According to Iconoculture, high-fashion brands are finally uniting their online and offline worlds, combining the social and brand reach of the Internet and social networking sites with the experiential and tactile elements essential to selling luxury goods. Iconoculture states that in spite of being in a business based on creating trends and breaking new creative ground, luxury fashion brands have been among the slowest to adopt the possibilities of online and social media interaction with their customers, for fear it would harm their hard-won exclusivity. Now, a burgeoning group of brands are bringing customers – and mere fans – closer than ever before.
So what? Articles like this reinforce the notion that Condé Nast needs to grow our social media capabilities and offerings for advertisers.
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Kantar Retail: 2011 Is A Pivotal Year For Apparel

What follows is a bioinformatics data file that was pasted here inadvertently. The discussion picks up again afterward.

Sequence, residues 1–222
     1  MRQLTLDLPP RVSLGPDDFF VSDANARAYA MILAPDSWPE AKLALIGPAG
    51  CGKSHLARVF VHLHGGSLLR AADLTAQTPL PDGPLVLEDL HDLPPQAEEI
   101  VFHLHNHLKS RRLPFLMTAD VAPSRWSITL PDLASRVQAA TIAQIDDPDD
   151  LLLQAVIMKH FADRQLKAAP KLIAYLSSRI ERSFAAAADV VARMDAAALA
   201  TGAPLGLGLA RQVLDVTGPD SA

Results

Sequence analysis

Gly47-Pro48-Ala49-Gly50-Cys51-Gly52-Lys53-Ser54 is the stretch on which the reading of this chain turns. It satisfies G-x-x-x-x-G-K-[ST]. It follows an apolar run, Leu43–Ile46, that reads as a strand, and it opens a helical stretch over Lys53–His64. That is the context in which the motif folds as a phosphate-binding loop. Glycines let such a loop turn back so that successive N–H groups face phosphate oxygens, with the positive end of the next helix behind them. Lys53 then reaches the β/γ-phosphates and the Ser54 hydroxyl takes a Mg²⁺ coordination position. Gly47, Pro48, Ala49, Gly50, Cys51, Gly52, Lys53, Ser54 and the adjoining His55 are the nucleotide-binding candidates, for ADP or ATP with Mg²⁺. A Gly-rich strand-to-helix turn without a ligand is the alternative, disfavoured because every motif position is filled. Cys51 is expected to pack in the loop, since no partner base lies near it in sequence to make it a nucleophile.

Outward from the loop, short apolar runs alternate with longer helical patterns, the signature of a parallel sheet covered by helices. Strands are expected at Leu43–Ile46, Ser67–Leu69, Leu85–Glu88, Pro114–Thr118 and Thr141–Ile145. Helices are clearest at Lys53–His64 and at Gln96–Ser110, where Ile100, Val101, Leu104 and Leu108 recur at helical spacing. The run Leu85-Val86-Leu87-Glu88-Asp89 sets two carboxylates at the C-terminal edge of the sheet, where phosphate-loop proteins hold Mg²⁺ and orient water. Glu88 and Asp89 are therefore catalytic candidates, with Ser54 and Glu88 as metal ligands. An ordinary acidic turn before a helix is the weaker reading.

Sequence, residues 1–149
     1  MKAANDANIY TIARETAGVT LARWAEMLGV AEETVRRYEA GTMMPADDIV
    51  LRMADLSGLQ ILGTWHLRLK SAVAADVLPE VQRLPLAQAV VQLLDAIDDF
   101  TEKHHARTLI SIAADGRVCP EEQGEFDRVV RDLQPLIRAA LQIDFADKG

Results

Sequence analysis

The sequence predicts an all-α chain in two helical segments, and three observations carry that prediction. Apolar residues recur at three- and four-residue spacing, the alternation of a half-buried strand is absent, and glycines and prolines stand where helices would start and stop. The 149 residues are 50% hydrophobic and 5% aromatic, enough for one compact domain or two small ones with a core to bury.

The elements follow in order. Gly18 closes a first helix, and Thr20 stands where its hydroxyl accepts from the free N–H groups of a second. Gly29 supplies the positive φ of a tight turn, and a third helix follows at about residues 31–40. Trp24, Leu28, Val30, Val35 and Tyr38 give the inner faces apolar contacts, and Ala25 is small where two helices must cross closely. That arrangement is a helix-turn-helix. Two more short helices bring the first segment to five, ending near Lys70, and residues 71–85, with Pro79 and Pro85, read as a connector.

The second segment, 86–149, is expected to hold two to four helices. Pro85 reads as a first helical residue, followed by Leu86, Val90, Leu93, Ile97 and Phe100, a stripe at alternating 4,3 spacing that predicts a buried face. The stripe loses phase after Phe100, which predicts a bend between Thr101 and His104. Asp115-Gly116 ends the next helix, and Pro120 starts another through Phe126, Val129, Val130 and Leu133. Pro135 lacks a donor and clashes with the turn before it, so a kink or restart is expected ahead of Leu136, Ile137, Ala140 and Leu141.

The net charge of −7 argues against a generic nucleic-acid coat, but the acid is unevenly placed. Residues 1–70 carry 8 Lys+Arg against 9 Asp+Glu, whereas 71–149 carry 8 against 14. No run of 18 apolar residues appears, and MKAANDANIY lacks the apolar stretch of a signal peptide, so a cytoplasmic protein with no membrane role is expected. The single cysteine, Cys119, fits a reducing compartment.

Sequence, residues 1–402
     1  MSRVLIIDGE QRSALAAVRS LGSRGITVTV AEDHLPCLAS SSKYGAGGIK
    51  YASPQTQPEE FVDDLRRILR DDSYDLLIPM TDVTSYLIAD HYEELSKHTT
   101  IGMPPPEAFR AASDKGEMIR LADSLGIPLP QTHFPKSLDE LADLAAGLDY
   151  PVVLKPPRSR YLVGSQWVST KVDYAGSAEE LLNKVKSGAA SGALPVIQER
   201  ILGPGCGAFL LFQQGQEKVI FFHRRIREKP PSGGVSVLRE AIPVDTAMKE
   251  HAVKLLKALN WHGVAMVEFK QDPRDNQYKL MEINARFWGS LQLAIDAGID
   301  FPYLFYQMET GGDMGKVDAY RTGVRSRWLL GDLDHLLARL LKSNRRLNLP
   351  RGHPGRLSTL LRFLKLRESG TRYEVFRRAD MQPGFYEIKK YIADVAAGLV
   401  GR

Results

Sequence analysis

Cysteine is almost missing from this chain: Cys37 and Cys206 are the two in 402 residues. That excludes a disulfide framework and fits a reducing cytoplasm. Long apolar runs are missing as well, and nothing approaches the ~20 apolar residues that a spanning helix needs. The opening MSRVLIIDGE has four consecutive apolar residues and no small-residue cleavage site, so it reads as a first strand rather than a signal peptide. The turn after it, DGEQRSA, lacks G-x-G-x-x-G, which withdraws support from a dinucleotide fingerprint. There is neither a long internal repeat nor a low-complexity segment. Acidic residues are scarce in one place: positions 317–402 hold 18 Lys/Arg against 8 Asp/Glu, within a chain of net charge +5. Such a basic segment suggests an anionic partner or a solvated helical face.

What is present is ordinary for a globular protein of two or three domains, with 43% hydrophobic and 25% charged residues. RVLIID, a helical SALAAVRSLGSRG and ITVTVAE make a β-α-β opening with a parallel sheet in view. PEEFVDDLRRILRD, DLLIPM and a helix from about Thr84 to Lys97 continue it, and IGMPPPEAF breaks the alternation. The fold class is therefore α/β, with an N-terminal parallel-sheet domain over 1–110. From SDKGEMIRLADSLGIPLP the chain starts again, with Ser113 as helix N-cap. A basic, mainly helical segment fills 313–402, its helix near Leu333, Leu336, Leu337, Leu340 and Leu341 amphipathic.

Kantar Retail, one of the leading retail intelligence companies in the world, believes that changing shopper behaviors and consumption patterns, evolving purchasing dynamics, rising commodity prices, and new competitive threats all lead to 2011 being a critical year for the apparel industry. In a recent paper, Kantar identifies 10 key apparel trends that will be essential for players in the space to watch. One of the key underlying themes of the paper is that retailers must embrace the drastic changes that are taking place in shopper behavior due to technological advances and provide the customer with a seamless multichannel model that integrates the in store experience along with e-commerce, mobile, mobile commerce, location-based, social media, augmented reality, etc.